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Inside OS X 10.8 Mountain Lion GM: Dictation & speech

Using Dictation

Unlike the virtual keyboard on iOS devices, your Mac has no ability to sprout an extra mic key just to initiate Dictation. However, you do have a little used key that Apple has assigned by default to serve as a conveniently accessible way to begin Dictation.

Once activated, the new Dictation feature can be activated by hitting the lower left Function (fn) key twice. This brings up a microphone popup at the insertion point in the current text field, whether in a document, a Finder search field, within a web page, or any other standard region for entering text.

Alternatively, you can also select Start Dictation from the Edit menu within the active app. Below is the Edit menu from TextEdit, showing the shortcut of hitting the function key twice.

You can also assign either the right or left Command (Apple's "propeller" key), or both, to serve as the double-tap signal to begin Dictation, or you can enter some arbitrary other set of keys to trigger the event.

You can also assign Dictation to use either the internal microphone or a plugged in mic, or leave it to its default setting, which is automatic. Plug in an iPhone-style pair of headphones with an integrated mic or connect a dedicated USB microphone or line-in mic, and Dictation will automatically begin using it as the most appropriate input device unless you specify otherwise.

Siri on the horizon?

The new iPad got the Dictation subset of Siri features when it arrived at the beginning of the year, but by the end of 2012, it will join iPhone 4S in getting the full Siri experience, thanks to iOS 6.

This suggests that Mountain Lion Macs will also eventually get an upgrade from basic Dictation to the full Siri feature set, although many of the features of Siri may seem more useful in a mobile device.

Apple is also working to improve upon Siri's bag of tricks for iOS users, having promised new sport scores, movie information with reviews, expanded restaurant responses including table reservations, integration with updating Facebook and Twitter feeds, and the ability to launch apps by name.

The expansion potential for Siri on desktop computers would likely benefit from a different set of features aimed more at voice control of the desktop, such as commands to invoke Mission Control or perform a Spotlight search.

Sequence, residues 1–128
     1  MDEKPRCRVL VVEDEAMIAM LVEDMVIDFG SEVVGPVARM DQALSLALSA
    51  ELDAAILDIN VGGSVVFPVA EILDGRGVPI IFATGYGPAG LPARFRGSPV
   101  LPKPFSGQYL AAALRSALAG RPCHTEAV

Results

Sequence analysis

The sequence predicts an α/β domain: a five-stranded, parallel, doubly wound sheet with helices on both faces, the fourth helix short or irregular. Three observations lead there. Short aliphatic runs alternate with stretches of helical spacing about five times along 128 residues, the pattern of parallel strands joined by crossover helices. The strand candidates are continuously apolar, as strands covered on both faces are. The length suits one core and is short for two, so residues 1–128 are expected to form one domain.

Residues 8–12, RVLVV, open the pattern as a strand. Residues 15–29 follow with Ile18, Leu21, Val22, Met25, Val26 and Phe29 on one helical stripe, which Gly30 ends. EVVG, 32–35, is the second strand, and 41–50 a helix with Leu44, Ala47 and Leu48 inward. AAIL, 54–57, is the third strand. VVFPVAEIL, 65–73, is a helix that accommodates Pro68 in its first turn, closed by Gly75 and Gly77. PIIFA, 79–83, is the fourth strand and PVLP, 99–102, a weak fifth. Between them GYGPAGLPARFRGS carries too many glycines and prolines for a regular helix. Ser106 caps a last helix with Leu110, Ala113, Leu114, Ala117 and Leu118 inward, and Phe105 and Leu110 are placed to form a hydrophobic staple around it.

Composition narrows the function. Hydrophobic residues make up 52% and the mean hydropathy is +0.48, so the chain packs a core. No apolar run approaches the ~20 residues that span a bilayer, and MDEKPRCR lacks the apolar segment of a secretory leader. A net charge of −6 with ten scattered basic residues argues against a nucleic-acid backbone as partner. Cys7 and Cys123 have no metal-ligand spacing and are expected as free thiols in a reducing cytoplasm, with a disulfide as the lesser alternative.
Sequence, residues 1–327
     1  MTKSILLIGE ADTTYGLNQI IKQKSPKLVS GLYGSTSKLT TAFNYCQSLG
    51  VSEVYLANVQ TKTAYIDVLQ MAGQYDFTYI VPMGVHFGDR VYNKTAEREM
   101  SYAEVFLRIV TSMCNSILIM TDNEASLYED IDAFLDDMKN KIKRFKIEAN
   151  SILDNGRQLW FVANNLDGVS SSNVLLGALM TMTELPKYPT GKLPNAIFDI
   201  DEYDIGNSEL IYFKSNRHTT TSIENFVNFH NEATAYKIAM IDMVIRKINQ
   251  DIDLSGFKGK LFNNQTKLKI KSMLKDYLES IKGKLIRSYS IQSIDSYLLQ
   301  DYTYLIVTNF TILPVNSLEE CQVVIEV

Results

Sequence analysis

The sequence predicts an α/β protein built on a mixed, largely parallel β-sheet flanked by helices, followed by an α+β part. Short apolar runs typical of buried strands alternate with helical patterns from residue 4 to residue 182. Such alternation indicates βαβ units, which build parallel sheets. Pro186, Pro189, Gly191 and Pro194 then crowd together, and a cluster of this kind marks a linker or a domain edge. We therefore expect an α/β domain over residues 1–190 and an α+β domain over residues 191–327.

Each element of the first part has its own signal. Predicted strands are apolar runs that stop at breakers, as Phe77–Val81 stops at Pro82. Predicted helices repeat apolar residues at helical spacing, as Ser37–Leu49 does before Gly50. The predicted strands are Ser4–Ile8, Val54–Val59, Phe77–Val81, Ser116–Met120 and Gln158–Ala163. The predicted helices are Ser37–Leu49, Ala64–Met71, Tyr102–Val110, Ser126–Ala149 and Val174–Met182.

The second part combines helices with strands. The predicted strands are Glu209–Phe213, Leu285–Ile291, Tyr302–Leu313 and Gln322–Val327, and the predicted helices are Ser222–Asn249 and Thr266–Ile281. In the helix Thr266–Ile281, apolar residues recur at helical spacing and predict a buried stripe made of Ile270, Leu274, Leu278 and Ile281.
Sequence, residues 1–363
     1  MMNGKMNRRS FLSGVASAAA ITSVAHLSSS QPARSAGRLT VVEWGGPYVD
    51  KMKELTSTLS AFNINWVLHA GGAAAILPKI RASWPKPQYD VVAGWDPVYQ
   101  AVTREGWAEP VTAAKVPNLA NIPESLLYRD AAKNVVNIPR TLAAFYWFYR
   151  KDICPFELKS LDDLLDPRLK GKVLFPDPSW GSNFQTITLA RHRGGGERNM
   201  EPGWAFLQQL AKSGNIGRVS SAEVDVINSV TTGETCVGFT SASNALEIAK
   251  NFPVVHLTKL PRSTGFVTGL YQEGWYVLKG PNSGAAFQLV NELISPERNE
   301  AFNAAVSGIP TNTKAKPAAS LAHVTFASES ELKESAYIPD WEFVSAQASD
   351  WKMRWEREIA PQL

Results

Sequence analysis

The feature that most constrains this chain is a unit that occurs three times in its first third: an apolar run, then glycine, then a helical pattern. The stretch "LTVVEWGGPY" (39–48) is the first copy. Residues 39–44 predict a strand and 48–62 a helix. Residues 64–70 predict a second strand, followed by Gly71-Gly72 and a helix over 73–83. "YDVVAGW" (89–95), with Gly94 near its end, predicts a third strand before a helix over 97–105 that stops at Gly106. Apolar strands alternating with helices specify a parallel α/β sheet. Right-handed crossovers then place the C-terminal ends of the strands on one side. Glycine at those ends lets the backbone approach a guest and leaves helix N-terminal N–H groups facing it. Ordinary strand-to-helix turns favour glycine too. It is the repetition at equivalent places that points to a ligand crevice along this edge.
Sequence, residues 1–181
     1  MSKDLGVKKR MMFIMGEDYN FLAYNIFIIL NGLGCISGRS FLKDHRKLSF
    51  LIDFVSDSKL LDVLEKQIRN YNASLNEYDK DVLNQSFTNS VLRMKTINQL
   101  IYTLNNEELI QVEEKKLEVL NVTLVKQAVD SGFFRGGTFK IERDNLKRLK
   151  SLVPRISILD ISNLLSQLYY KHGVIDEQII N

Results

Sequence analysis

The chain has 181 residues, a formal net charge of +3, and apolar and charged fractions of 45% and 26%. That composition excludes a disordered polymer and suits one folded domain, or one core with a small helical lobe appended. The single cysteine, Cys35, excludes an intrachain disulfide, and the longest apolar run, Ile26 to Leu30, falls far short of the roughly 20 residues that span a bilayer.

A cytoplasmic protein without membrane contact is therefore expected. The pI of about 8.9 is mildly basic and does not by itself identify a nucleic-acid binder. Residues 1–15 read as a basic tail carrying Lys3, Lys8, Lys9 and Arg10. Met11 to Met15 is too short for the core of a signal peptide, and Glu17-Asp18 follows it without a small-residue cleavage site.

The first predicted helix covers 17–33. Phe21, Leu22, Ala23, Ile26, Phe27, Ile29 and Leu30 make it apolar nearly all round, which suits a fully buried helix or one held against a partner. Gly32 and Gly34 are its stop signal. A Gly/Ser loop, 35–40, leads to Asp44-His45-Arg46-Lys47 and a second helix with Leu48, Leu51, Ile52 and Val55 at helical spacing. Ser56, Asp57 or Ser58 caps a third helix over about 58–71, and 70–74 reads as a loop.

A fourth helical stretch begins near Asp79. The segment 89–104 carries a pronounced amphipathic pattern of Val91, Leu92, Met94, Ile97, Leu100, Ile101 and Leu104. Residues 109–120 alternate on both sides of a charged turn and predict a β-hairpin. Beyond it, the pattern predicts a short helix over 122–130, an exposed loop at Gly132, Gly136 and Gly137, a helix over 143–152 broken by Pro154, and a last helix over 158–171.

Speech Recognition replaced with Dictation

Apple previously focused on voice control of the desktop environment, rather than accurate voice dictation, in the feature set currently presented in OS X Lion as "Speech Recognition."

Apple's feature set of "speakable items" that could be used to navigate menu bar items and switch between applications was first made part of the Mac system software back in 1993 on the Macintosh Quadra AV, part of an ambitious, pioneering effort to deliver advanced speech recognition under the program known as "PlainTalk."

That was almost 20 years ago, at a time when even the fastest desktop computers lacked the resources needed to rapidly and accurately decipher speech into text. Apple focused on a highly resource efficient design that focused on commands to invoke tasks rather than turning natural voice into paragraphs of text.

In bringing iOS-style Dictation to the Mac, Apple has discontinued the seldom used, rather outdated "Speakable Items" system, which was complex to configure, navigate and use. Dictation is, in contrast, incredibly simple. However, unlike the previous Speech Recognition system, Dictation relies on Apple's cloud services to work. This leaves open an opportunity for dedicated, specialized voice recognition systems that work locally and don't require a network link to function.

Text to Speech

In the other direction of turning text into synthesized speech, Mountain Lion retains the same default System Voice of Alex, which was first introduced in OS X 10.5 Leopard in late 2007. Alex replaced Vicki, the previous default voice that had introduced natural sounding speech in OS X 10.3 Panther in late 2003.

The current release of OS X Lion introduced a series of new, very high quality voices in both American English and other English accents, from British to Australian and Irish, as well as 21 other languages. AppleInsider first broke news of these new optional voices, which can be downloaded from Apple as desired from the System Voice/ Customize popup window.

Among the new voices are are Tom and Jill, both very natural sounding American English voices. As with Dictation, Text to Speech is turned off by default. It is also invoked with the more clumsy Option+Esc key sequence, or the Speech menu hidden away in most apps' Edit menu. Ironically, one very useful task Siri on the Mac could provide is to allow users to convert selected text to high quality speech, using their voice.